11. The method according to claim 10, wherein the notification is a single notification that indicates deletion of redundant data for multiple write requests.
12. The method according to claim 1, further comprising, after detecting the fault, storing a record indicating entry into remote mode.
13. The method according to claim 12, wherein the record indicating entry into remote mode is stored in the mass storage of the first storage system.
14. The method according to claim 12, further comprising recovering the redundant data from the second storage system.
15. The method according to claim 14, wherein said recovering comprises restarting a controller for the first storage system, reading the record and retrieving the redundant data from the second storage system.
16. The method according to claim 1, further comprising recovering the redundant data from the second storage system.
17. The method according to claim 1 further comprising identifying the second storage system from among a plurality of storage systems connected to the network.
18. The method according to claim 1 wherein the first storage system comprises at least two controllers.
19. The method according to claim 17 wherein the second storage system comprises at least two controllers.
20. A system for redundantly storing data in a computer system comprising a first data storage system having an interface to a network, at least one controller, mass storage and at least two cache memories, each of the cache memories comprising non-volatile storage, wherein when none of the cache memories has experienced a fault, data for a write request is stored in at least two of the cache memories, and the computer system comprising a second storage system, the second storage system having an interface to the network, at least one controller, mass storage and at least two cache memories, each of the cache memories comprising non-volatile storage, wherein in response to detection that one or more of the cache memories of the first storage system is affected by a fault, the first storage system forwards the redundant data to the second data storage system via the network.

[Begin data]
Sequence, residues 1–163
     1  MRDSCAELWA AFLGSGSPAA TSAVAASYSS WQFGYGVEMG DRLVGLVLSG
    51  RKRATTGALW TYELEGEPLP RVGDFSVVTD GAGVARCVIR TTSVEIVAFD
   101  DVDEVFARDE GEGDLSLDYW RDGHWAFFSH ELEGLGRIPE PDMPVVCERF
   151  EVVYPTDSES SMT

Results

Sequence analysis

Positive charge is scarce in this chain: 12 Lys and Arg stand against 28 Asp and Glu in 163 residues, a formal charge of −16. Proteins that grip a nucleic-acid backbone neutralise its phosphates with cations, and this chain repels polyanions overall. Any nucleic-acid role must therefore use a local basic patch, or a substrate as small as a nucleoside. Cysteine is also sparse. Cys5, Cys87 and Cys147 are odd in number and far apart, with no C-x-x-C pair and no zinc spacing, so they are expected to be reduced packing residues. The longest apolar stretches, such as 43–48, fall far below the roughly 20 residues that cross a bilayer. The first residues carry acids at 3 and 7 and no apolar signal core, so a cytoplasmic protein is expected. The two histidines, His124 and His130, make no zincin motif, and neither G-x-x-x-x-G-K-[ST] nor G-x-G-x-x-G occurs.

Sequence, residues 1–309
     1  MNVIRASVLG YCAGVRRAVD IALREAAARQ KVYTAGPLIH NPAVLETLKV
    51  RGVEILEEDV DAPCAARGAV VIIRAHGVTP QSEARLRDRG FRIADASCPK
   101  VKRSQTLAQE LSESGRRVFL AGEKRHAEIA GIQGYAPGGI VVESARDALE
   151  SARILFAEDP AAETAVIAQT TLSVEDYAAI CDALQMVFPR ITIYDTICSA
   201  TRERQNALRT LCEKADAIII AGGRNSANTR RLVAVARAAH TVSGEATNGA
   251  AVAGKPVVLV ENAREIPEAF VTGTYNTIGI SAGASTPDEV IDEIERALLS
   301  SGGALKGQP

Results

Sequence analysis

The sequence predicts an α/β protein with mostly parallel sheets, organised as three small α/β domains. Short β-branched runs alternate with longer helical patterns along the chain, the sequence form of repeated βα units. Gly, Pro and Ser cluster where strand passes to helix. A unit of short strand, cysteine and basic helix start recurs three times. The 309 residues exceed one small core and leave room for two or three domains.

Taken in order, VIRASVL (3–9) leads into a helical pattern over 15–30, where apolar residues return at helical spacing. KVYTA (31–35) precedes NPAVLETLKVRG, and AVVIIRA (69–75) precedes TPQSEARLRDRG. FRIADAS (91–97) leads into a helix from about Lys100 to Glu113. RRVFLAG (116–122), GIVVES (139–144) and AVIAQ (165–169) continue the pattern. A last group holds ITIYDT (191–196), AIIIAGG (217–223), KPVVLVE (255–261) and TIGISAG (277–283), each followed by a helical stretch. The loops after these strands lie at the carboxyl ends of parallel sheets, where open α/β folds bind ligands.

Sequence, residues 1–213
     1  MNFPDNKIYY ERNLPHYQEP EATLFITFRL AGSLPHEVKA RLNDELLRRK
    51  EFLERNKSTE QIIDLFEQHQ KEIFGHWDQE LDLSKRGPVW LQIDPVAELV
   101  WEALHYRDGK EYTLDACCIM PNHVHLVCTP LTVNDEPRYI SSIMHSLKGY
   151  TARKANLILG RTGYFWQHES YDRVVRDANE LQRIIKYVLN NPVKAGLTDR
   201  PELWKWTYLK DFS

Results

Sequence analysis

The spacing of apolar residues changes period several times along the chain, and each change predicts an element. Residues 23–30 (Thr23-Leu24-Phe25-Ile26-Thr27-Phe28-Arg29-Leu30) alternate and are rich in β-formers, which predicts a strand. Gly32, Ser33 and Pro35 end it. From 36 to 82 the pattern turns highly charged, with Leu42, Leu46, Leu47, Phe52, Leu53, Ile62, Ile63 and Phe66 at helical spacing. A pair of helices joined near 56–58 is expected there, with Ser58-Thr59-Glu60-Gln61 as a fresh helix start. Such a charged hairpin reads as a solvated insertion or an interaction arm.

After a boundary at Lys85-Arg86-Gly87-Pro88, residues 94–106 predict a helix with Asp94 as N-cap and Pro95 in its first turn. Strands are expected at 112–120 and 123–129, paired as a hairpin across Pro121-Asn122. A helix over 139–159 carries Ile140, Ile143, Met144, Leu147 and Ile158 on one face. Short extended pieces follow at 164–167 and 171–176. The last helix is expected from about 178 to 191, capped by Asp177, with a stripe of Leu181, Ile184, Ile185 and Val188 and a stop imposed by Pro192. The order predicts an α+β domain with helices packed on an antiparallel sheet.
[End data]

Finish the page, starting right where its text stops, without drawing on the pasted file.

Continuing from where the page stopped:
21. The system according to claim 20 wherein the first storage system comprises at least two controllers.
22. The system according to claim 21 wherein the second storage system comprises at least two controllers.
Description
BACKGROUND OF THE INVENTION

1. Field of the Invention

The present invention relates to the field of data storage systems and, more particularly, to coping with faults affecting write caching of data in a data storage system.

2. Description of the Related Art

A typical data storage system includes a controller for controlling operation of the storage system, a cache memory and a mass storage medium, such as hard disk drives. The cache memory serves as a buffer for read and write operations. More particularly, when a host system sends a write request for storing data in the storage system, the data is first stored redundantly in the cache memory, the storage system sends a response to the host, and later the data can be written asynchronously to the mass-storage medium while new requests can continue to be received into the cache memory.

For coping with faults, data storage systems are usually equipped with two caches and two or more redundant controllers. Therefore, where a fault occurs that affects one of the controllers or cache memories, a remaining one can continue to function. Thus, when the host system sends data to be stored by the storage system, the data is stored in both cache memories. Then, if a fault occurs that affects one of the cache memories, the data can be obtained from the remaining cache memory.